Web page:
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Artifacts from Maui Fires Wash Up on Molokai

By Jack Kiyonaga, Editor 

As the ash settles from the devastating fires on Maui, debris is making its way across the Pailolo Channel onto Molokai’s shores. The first of such objects, believed to be a piece of the Lahaina Wharf, washed up last week in Pala’au. 

Director of the Board of the Hawaii Museum Association, Alice Ka’ahanui, explained that “a group initiated by the Maui Historical Society has gathered to strategize Maui fire cultural response preservation efforts.” 

Ka’ahanui is working with Pulama Lima, a curator for archeology for the Bishop Museum, to coordinate the collection and cataloging of these items. 

“One of the things we want to make sure folks are aware of is their own safety, and using protective gloves if possible when handling any salvaged materials that have soot or other residues,” explained Ka’ahanui. 

As response crews have begun to clear wreckage from the fires, the Environmental Protection Agency has been called in to remove hazardous materials including fuel and asbestos from fire sites, according to Civil Beat. If you suspect the presence of asbestos in your property, you should get in touch with an asbestos consultant sydney to assess the situation and ensure the safe management or removal of any hazardous materials. Commercial asbestos removal must be done by experts to ensure everyone’s safety. In case anyone develops a medical condition due to asbestos exposure, they have the option to file a claim or a lawsuit.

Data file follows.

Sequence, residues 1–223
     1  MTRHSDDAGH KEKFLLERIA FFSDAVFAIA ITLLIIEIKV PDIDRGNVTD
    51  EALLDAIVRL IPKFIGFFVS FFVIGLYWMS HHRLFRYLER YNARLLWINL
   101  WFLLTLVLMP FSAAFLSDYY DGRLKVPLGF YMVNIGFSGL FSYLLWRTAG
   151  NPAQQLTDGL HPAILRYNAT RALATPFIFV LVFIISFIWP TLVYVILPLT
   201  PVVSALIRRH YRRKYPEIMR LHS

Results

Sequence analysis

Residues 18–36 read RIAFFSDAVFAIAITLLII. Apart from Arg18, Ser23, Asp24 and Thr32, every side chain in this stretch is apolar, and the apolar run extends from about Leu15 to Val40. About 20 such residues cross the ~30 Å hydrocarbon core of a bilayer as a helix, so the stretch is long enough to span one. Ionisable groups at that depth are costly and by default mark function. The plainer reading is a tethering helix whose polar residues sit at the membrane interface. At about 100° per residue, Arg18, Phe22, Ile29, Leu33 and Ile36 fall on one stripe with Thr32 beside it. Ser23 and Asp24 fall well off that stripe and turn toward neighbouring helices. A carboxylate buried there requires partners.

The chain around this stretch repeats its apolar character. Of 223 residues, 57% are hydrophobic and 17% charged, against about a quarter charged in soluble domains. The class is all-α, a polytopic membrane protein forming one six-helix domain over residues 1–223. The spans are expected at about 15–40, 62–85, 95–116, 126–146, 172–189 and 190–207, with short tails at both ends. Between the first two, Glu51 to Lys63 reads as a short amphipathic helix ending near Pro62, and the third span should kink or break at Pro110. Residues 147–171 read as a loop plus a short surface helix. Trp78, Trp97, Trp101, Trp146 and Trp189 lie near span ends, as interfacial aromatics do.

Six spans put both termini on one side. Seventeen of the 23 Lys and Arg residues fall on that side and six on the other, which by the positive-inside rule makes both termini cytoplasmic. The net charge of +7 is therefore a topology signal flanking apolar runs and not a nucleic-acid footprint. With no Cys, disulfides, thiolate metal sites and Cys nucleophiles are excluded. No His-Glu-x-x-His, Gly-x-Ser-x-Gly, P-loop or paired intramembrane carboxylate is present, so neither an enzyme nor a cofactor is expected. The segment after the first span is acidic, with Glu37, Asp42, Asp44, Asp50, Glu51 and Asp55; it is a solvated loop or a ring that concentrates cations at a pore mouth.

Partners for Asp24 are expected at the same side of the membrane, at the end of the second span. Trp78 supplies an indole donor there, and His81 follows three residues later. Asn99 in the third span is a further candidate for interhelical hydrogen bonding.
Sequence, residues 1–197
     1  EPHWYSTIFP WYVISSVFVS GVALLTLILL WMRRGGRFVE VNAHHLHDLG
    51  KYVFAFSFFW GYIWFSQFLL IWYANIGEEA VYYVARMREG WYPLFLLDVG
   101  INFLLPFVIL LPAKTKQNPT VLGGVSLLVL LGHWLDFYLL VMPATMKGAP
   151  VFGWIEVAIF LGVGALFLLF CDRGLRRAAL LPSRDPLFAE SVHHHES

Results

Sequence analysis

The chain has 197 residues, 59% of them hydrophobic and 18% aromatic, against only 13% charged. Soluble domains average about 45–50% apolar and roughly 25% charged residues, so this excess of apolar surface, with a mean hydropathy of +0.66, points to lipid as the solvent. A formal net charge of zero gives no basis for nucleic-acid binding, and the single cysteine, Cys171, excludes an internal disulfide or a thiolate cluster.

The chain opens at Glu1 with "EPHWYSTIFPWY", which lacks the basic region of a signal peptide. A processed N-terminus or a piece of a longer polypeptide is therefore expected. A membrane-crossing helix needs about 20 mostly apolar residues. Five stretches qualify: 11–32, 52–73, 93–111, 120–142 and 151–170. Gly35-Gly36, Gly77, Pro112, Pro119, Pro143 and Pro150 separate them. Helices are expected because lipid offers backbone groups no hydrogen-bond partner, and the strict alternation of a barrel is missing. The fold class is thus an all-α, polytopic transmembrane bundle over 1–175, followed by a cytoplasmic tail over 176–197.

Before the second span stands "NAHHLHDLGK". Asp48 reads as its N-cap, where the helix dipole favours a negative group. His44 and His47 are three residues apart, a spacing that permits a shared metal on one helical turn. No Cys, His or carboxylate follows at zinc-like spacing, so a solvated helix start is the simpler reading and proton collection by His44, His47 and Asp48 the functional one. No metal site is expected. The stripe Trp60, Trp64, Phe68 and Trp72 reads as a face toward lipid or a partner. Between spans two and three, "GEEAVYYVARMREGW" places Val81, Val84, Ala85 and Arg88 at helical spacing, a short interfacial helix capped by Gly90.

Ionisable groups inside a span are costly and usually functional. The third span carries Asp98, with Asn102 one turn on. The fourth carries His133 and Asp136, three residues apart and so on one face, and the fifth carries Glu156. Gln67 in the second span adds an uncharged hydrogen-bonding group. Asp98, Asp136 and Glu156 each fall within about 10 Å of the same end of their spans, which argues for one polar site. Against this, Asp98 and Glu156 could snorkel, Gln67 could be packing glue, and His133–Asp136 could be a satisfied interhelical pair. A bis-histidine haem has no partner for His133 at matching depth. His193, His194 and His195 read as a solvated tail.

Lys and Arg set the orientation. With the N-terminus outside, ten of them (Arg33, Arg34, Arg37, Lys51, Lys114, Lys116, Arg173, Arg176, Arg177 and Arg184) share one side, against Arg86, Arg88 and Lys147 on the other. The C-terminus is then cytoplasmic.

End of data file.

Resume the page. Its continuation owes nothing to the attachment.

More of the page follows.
Likewise, the Maui Fire Department and Ocean Safety continue to search the waters near Lahaina for human remains. Officials confirm reports of bodies washing up on Lanai were just rumors. 

In terms of handling artifacts, a tipsheet from FEMA explains that soot and ash will become further fixed to an object the more it is touched. The recommendation is to allow objects to air-dry without direct sunlight, in order to prevent mold growth. However, these objects should not be dried inside of a house in case they retain toxic residue. Artificial drying methods like hair dryers and ovens will cause irreversible damage to objects. Books, photos and papers should be frozen if they cannot be dried within 48 hours. 

When coming across these materials, Molokai residents should consider if the object has identifiable information that will allow it to be reunited with the owner.

It is unclear what condition the materials coming from Maui, having been through a fire and the Pailolo Channel, will be in.

“The tipsheet doesnʻt really cover salvaging materials from the ocean after a fire,” said Ka’ahanui. 

A representative from University of Hawaii Preservation explained to Ka’ahanui that they were unsure how much soot or ash would remain on the artifacts as they crossed the channel, but that “it’s best to be safe.” 

Molokai residents who find items from the Maui fires should contact Pulama Lima at pulama@kaipumakanichc.org. She is located in the Brath Building room 207. 

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